By Amy Nicholson
By Alan Scherstuhl
By Alan Scherstuhl
By Alan Scherstuhl
By Alan Scherstuhl
By Mark Holcombe
By Scott Foundas
By Nick Pinkerton
At once more historically rigorous and psychologically accessible than The Fog of War, Why We Fight assumes our investment in military conflict as being not just financial or even emotional. Expertly drawing from a treasure trove of archival footage and contemporary interviews as it follows the American train of thought from the end of WWII to the start of Shock & Awe and beyond, this Sundance award-winner by self-taught documentarian Eugene Jarecki (The Trials of Henry Kissinger) dares to seek an audience as wide as that for the evening news. Its masterstroke is the characterization of middle-aged New York cop Wilton Sekzer as plainspoken representative of both the U.S. and us--a man whose post-9/11 bloodlust turns to a different kind of rage upon the realization that Iraq's so-called smoking gun isn't even a leaky water pistol.
The 36-year-old filmmaker is plenty wise to preach to the unconverted, though his message wouldn't appear out of place in an activist strategy meeting--or in the classroom. Just as Why We Fight plays like a near-scholarly dissection of what Dwight D. Eisenhower first termed the "military-industrial complex," Jarecki discusses the movie and its issues in paragraphs rather than sentences, talking at points like a veteran professor of American history. We need more filmmakers with Jarecki's ambition and intelligence. But that doesn't stop one from thinking that he maybe ought to run for office.
City Pages:Has the film changed at all in the year since it premiered at Sundance?
Eugene Jarecki: It's sort of a sad statement of the times that, no, we didn't have to make any changes. Except we've kept having to increase the casualty figures that are listed in the movie with regard to the Iraq war, because the body count keeps going up.
CP:The film argues that the forces now at play in Iraq aren't a few years old, or 15, but 50 or 60. Why is that perspective so rare even among progressives in the U.S.?
Jarecki: There's a tendency to lay all our problems at the feet of George W. Bush, to want to see him as taking a radical departure from the traditions of U.S. foreign policy. But Bush wasn't born overnight: He's the product of decades of movement by this country away from its origins and ideals, and toward something more aggressive, more arrogant, more imperial. The Iraq war certainly isn't the first time that the reasons we were given to go to war have turned out not to be the real reasons why we went. Ultimately I think it's a political distraction for us to be obsessed with Bush or any other single figure. The larger forces that the film examines are those--including the military-industrial complex--that are undoing the very fabric of the democracy we're fighting for. It's what Eisenhower meant when he said, "We must avoid destroying from within that which we are trying to protect from without."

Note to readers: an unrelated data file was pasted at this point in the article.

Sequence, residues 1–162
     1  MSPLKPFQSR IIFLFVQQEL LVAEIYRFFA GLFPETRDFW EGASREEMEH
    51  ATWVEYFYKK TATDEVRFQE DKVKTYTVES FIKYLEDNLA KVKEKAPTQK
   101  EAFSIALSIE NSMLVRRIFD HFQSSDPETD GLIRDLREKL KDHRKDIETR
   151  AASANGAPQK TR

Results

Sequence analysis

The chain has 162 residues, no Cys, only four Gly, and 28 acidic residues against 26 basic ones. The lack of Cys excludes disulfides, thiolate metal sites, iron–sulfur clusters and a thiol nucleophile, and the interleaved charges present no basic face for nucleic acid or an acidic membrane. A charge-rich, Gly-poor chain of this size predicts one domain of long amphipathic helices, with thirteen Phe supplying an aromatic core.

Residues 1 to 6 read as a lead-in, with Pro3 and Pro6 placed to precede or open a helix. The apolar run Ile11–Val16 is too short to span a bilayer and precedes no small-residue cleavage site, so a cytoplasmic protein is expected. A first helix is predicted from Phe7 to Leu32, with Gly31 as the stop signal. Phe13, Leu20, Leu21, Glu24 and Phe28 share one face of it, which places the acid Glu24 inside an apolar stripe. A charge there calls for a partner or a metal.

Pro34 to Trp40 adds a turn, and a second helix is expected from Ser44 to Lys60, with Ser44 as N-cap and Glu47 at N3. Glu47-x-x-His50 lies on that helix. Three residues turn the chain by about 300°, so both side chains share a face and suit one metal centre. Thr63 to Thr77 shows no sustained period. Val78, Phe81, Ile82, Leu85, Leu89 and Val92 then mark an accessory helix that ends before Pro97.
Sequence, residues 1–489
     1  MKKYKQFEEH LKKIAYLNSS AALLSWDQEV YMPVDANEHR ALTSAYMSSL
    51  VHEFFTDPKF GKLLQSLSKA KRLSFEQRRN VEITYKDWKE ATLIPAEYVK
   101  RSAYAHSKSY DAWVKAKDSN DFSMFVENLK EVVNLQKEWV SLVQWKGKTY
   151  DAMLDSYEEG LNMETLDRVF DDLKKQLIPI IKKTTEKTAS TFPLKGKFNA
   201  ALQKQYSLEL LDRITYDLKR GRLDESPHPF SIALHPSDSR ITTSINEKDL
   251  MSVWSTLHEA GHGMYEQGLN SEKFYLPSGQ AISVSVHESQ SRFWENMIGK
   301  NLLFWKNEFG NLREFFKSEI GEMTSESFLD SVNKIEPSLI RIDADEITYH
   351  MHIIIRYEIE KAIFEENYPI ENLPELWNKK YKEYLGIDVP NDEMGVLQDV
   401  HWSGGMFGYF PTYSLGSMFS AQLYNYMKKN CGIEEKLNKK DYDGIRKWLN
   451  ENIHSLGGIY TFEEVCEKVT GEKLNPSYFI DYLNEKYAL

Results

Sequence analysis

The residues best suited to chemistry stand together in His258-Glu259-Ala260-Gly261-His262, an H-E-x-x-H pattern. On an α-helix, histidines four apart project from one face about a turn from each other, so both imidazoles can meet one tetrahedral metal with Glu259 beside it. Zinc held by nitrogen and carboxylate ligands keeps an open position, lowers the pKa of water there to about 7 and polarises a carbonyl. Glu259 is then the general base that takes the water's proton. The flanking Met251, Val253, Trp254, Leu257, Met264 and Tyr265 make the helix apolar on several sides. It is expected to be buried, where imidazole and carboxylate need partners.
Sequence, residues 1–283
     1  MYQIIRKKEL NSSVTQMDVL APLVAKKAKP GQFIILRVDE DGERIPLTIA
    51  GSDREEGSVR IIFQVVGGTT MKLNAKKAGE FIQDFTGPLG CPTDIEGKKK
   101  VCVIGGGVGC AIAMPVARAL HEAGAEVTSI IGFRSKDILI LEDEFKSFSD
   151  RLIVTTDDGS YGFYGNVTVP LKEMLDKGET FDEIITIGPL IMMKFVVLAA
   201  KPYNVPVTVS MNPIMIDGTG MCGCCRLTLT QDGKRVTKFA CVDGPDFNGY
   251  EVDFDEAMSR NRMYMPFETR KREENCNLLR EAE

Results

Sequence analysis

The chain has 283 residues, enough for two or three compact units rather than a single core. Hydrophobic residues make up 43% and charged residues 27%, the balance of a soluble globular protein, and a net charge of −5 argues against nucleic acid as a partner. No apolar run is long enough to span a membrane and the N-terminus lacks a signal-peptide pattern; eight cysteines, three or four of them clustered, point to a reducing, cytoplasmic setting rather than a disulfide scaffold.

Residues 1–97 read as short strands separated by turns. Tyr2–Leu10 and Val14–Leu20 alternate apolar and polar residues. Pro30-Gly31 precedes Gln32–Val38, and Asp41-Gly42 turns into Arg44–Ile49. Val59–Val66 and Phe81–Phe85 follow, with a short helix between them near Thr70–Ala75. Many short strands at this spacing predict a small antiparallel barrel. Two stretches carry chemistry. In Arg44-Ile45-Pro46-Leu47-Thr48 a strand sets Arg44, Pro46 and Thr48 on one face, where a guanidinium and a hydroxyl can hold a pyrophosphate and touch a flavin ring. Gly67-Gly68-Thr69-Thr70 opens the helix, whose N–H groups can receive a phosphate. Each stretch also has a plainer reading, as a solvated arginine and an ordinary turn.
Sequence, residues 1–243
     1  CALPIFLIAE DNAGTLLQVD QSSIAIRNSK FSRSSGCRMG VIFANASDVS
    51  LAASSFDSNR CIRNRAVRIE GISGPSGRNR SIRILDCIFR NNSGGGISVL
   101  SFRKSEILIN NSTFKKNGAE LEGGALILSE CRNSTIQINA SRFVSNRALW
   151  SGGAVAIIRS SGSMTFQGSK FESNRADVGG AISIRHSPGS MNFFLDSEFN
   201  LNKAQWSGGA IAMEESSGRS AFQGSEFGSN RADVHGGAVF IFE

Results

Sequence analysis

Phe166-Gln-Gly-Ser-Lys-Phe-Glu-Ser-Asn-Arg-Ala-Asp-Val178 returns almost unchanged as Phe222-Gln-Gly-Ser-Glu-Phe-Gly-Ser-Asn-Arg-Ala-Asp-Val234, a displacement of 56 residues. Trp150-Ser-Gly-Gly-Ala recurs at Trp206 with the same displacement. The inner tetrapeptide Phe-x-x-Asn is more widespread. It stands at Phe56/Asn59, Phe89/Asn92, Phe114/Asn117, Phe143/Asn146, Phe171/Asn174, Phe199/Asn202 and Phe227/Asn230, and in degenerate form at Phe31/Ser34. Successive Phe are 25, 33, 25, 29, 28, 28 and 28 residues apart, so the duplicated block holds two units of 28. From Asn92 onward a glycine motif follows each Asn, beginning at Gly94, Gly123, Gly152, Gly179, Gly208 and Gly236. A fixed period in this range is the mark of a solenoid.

CP:What seems to have changed more than anything since, say, the Vietnam War is the volume of protest.
Jarecki: I don't want to sound like a nutcase, but I don't see that at all. In 2003, 10 million people around the world marched in protest even before a single shot had been fired in anger. A lot of us have complained that Americans are apathetic. And it's convenient for those in power to say that we're apathetic, though what we really are is helpless. We live in a complex society that bears a heavy weight on us. Still, that didn't stop hundreds of thousands of Americans from participating in those protests. If you take the analogous year in Vietnam--1963--I think there were maybe 14 Quakers who marched down Fifth Avenue.
CP:Those hundreds of thousands weren't seen much on network TV, which is whereWhy We Fight could best reach the unconverted, right? The film was aired on the BBC in March, and, absurdly, that's how it was deemed ineligible for an Oscar nomination.
Jarecki: I have every confidence that the film, after showing theatrically all over the U.S., will make it to [U.S.] television and reach that audience. As for the Oscar [ineligibility], it seems there's a little bit of jingoism in the Academy's rules. The chief of the BBC talked to me about this. He said, "You know, it's funny that films can't qualify for Academy consideration here in Europe, but they can disqualify." It's just sort of ironic. The only reason we had to go overseas for funding is that the media system here is suffering.
CP:Do you think that if Eisenhower were alive today, his chosen term would be the "military-industrial-media complex"?
Jarecki: In early drafts of his speech, he actually referred to it as the "military-industrial-congressional complex." Eisenhower was keenly aware of the fact that without the acquiescence and collusion of our members of Congress, the aspirations shared by the military and their friends in industry cannot be made manifest. It takes a member of Congress who wants defense jobs in his or her home district, who needs campaign finance funding that only a major corporation can provide. And so in a sense we can look at Eisenhower's warning to our society as being a warning about runaway corporatism--the public good being served by private interests, corporations being given greater license to do what they wish with our public space and our public policy. In his farewell address, Eisenhower said, "The power of money is ever present and is gravely to be regarded." I don't think anyone--Republican, Democrat, or other--could have said it better.
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